NASA – Is Pluto’s Atmosphere Collapsing?

Four images from New Horizons’ Long Range Reconnaissance Imager (LORRI) were combined with color data from the Ralph instrument to create this sharper global view of Pluto. (The lower right edge of Pluto in this view currently lacks high-resolution color coverage.) The images, taken when the spacecraft was 280,000 miles (450,000 kilometers) away from Pluto, show features as small as 1.4 miles (2.2 kilometers). That’s twice the resolution of the single-image view captured on July 13 and revealed at the approximate time of New Horizons’ July 14 closest approach.

Four images from New Horizons’ Long Range Reconnaissance Imager (LORRI) were combined with color data from the Ralph instrument to create this sharper global view of Pluto. (The lower right edge of Pluto in this view currently lacks high-resolution color coverage.) The images, taken when the spacecraft was 280,000 miles (450,000 kilometers) away from Pluto, show features as small as 1.4 miles (2.2 kilometers). That’s twice the resolution of the single-image view captured on July 13 and revealed at the approximate time of New Horizons’ July 14 closest approach. Image – NASA

Five years ago NASA were baffled with Earth’s shrinking atmosphere

Large changes in the sun’s energy output may drive unexpectedly dramatic fluctuations in Earth’s outer atmosphere.

Results of a study published today link a recent, temporary shrinking of a high atmospheric layer with a sharp drop in the sun’s ultraviolet radiation levels.

The research, led by scientists at the National Center for Atmospheric Research (NCAR) in Boulder, Colo., and the University of Colorado at Boulder (CU), indicates that the sun’s magnetic cycle, which produces differing numbers of sunspots over an approximately 11-year cycle, may vary more than previously thought.

New Horizons has only taken a snapshot in time so we are unlikely to know if the current low solar activity may be linked to Pluto’s shrunken atmosphere [my emphasis].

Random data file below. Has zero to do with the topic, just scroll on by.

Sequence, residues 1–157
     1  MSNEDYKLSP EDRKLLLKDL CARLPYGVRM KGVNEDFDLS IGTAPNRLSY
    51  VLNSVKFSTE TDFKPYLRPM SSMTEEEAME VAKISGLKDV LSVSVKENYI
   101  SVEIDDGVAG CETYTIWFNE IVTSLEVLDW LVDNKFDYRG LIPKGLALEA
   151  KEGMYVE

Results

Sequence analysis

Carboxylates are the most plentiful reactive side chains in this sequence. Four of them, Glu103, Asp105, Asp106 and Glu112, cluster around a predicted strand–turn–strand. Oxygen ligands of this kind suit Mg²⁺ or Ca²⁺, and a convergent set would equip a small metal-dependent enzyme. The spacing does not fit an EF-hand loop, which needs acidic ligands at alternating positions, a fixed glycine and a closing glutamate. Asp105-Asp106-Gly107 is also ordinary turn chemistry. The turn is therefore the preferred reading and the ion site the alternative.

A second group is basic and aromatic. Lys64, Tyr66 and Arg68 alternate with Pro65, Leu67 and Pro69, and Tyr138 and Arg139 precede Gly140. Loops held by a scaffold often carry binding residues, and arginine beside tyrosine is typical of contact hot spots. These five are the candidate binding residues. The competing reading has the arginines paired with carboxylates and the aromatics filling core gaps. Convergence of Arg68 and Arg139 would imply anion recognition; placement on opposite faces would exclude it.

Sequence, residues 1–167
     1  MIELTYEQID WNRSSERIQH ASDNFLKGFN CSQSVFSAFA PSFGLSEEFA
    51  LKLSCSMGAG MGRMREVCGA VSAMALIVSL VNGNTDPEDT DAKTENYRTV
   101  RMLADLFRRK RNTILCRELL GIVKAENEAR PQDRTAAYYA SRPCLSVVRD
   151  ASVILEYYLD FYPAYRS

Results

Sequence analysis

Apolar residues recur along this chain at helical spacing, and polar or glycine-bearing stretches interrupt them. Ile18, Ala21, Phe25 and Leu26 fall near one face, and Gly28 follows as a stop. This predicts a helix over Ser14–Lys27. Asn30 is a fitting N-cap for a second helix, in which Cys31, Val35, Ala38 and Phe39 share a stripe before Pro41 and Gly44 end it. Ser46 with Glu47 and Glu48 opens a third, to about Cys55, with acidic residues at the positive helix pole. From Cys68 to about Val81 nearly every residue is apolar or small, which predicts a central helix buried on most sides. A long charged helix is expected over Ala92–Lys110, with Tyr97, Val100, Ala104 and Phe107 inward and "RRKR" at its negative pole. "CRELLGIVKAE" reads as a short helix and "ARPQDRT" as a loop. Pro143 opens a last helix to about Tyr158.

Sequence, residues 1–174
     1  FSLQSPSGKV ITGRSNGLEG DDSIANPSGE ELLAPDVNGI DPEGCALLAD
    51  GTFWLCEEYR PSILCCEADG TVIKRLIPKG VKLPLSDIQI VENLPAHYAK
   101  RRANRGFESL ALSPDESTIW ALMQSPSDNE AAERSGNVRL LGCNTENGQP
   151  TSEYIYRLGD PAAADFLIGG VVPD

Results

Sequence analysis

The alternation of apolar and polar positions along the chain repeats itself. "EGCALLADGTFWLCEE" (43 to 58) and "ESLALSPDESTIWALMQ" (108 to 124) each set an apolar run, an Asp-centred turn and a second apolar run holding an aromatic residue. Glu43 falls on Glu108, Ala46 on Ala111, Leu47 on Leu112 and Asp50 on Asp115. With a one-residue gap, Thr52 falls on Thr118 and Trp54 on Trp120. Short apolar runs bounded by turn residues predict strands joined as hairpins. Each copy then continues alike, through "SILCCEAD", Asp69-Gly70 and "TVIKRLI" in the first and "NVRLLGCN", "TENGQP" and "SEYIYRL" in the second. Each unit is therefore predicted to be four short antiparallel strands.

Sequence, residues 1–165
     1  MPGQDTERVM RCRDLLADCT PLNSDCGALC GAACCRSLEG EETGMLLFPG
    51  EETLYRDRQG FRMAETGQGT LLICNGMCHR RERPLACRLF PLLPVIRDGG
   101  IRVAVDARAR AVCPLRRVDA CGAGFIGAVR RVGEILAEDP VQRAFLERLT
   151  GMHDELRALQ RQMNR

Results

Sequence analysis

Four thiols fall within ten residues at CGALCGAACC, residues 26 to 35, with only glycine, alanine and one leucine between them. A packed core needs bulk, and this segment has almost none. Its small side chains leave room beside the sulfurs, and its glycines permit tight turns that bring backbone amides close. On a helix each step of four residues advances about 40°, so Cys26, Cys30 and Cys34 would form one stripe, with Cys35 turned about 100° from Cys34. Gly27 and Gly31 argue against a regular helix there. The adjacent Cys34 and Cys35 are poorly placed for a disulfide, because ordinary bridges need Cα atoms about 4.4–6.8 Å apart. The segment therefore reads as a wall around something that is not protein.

From previous observations, scientists assumed the pressure on Pluto’s surface would be about 15 microbars, but it turned out they were wrong, by quite a bit.

This REX occultation data says that the pressure on Pluto’s surface is just 7 microbars. It could be that the atmosphere is kind of collapsing, that the atmosphere, the gases that make up that atmosphere, are freezing and falling to the surface. If this is what’s happening, it’s possible that the collapse of Pluto’s atmosphere is imminent, or at least that most of the gas in the atmosphere will freeze and fall to the surface.

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Nepal Earthquake – Similar pattern seen at start of Little Ice Age | the WeatherAction News Blog

Above the Nepal earthquake captured as it happened. It is all the more poignant when you see how every day normal life was happening only to be snatched away in an instant..

The BBC reported on a previous time when the same fault ruptured –

  • Saturday’s magnitude-7.8 earthquake struck to the north-west of Kathmandu
  • The last time the fault ruptured at this location was in back in 1344
  • It was preceded in 1255 by a big event to the east of Kathmandu
  • The last rupture there was in 1934, hinting strain might accumulate westward
  • 2015’s quake follows the pattern with a gap between events of 80 years or so
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When Bollinger and his colleagues saw this historic pattern of events, they became greatly concerned.

“We could see that both Kathmandu and Pokhara would now be particularly exposed to earthquakes rupturing the main fault, where it likely last did in 1344, between the two cities,” explains Paul Tapponnier, from the Earth Observatory of Singapore, who was working with Bollinger.

http://www.bbc.co.uk/news/science-environment-32472310

The Telegraph have also covered the story here

1934 Bihar earthquake. Image credit: www.thecosmosphere.com

1934 Bihar earthquake. Image credit: http://www.thecosmosphere.com

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